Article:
The École Royale Militaire, the Parisian Royal military school, was founded by Louis XV in January 1751, to educate 500 boys of the poor nobility entirely at the government’s cost. Pupils were instructed in the practical exercises and theoretical sciences relevant to the art of war, including maths, technical drawing, military drills, history, and ‘belles-lettres’. The École militaire quickly gained success with numerous publics: the Encyclopédistes championed it as an alternative to the French collèges, which were facing increasing criticism in the 1750s and 60s. And by the early 1780s the school was so popular that letters were sent to parents explaining that only a tenth of eligible applicants could be accommodated.
In my paper, I argued that the school responded to and manipulated letters in order to encourage pupils to uphold a reciprocal pact with the school. This pact required pupils to ‘repay’ the École militaire (and ultimately the king) for their free education by demonstrating exemplary military conduct, thereby improving the ‘public’ reputation of the school. However, who ‘the public’ is frequently changes, and is often discussed only as an abstract concept. My approach draws on the work of Mona Ozouf, who suggests that the value of the notion of ‘public opinion’ as a weapon in the late eighteenth century might explain why so few contemporary texts offer descriptive definitions of it. She explains, ‘les textes se préoccupent moins d’apporter une information que d’utiliser le concept à des fins polemiques’.
I focused on two epistolary exchanges between the École militaire and pupils’ family members. The first was a set of unpublished correspondence between the mother of an ex-pupil, and the school’s principal, the Marquis de Timbrune. In her letter dated August, 1777, Mme de Bridiers requests financial assistance for her son, André-Claude. André-Claude entered the school in 1770 but was sent back to his mother in 1772 when it was discovered that he suffered from epilepsy and was declared unfit for military service. No longer able to care for André-Claude, Mme de Bridiers begs the school to pay for a bed in a hospice for him. However, the Bridiers family’s situation was more complicated. André-Claude’s older brother, Alexandre, was expelled from the École militaire in 1775 for violent and disobedient behaviour; were he allowed to graduate and enter a regiment, ‘il donneroit, de cette maison, l’opinion la plus facheuse.’ Given these brothers’ failure to contribute to the school’s good reputation by dutifully serving in the military, the school refuse to financially assist Mme de Bridiers.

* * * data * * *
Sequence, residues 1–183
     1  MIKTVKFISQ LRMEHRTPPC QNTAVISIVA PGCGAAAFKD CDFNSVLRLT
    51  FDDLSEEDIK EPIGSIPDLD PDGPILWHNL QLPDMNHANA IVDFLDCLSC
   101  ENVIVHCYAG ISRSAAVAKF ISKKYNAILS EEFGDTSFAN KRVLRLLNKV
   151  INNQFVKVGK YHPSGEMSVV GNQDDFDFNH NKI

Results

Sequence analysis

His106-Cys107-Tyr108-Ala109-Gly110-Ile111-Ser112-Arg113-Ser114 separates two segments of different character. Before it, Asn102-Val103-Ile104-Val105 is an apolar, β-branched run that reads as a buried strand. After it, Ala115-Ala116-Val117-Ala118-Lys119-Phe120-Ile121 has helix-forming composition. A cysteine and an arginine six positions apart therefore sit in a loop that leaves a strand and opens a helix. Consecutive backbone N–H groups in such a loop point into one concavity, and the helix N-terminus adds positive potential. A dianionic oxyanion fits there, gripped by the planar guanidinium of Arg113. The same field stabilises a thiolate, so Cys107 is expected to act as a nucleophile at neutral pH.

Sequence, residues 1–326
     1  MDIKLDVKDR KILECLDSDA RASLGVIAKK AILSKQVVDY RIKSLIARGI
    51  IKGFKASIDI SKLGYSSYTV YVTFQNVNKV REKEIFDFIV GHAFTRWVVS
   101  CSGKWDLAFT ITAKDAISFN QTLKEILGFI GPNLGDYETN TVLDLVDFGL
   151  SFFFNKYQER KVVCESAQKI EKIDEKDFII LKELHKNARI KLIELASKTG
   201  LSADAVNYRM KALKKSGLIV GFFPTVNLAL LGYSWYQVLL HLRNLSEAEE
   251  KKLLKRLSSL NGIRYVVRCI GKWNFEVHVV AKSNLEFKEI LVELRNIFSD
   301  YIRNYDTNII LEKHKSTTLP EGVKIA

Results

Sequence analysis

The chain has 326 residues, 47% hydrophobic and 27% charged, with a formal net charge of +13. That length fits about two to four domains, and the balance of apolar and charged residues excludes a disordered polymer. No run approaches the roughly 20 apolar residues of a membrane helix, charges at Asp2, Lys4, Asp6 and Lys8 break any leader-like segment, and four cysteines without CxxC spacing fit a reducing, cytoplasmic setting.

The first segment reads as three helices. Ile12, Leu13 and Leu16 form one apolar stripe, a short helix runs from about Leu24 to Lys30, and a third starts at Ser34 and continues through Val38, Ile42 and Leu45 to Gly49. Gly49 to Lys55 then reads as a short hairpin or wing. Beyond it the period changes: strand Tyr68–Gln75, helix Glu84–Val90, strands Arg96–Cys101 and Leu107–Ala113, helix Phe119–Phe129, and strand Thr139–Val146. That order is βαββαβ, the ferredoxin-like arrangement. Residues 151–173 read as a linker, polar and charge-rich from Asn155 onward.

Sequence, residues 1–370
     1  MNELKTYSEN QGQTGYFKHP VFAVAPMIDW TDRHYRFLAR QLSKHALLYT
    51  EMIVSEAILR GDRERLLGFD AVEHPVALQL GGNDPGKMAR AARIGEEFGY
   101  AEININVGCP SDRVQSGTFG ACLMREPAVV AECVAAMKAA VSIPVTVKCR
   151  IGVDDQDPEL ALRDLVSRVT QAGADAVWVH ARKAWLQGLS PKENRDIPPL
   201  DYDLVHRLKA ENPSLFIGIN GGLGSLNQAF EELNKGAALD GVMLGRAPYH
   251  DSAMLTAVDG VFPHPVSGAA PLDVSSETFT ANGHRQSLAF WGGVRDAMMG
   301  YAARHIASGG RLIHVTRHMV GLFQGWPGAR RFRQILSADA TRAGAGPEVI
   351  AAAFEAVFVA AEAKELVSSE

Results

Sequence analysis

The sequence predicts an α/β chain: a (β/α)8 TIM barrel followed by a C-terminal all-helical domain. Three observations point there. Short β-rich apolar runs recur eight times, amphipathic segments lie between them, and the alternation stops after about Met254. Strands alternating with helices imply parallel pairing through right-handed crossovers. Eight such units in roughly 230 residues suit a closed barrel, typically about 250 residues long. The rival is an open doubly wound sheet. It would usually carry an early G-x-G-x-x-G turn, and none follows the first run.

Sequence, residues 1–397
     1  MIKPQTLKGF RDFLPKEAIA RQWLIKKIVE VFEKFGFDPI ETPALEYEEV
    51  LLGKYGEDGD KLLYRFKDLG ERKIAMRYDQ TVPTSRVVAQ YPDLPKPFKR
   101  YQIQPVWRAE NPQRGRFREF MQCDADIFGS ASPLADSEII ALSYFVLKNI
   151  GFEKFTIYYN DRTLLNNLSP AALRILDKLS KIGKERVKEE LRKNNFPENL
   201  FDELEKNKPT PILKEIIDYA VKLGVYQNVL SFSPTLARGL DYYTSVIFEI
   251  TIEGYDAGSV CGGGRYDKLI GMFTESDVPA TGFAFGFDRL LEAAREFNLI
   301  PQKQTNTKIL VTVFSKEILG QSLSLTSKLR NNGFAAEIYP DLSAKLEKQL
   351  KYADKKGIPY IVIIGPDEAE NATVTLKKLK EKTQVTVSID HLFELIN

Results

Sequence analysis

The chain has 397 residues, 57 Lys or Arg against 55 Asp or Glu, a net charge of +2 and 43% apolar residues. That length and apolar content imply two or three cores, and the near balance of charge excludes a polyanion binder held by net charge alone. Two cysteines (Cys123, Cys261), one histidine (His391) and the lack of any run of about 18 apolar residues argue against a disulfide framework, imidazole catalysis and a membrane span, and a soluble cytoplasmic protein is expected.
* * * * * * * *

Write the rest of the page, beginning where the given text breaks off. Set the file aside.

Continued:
The second letter I looked at was written by Mlle de Barry to her brother, a military school pupil; de Barry’s brother was about to graduate, and her letter offers him advice on how to conduct himself in the French military. De Barry warns her brother that he is obliged to repay the king for giving him his education, and that he now owes his life to the king, and to exemplary military service. This letter was published in the Mercure de France in 1758, and republished by Louis Domairon in his 1784 literary teaching manual, the Principes généraux des belles-lettres, as a model ‘advice letter’: exemplary for both its aesthetic and moral values. Domairon was chair of French grammar and literature at the École militaire, and used this literary manual in his classes. Though Mlle de Barry’s letter may never have been a private letter – it may always have been written for publication in the Mercure – Domairon uses this ostensibly private letter to try and teach military school pupils to sublimate their private desires to the public interests of the school: namely, to teach them to uphold the pupil-school pact.
Also important to my argument was the school’s decision, in 1751, to award its pupils a unique military cross. Boys were to wear this cross at all times, and it was intended to visibly ‘publish’ boys as alumni so that, ‘en les faisant reconnoître par-tout où ils se trouveront, [elle] leur remette sans cesse devant les yeux les obligations qu’ils auront contractées envers Nous & notre État’. Such publication was supposed to censor their behaviour, for fear of its being seen, judged, and reflecting poorly on their school. But seen and judged by whom?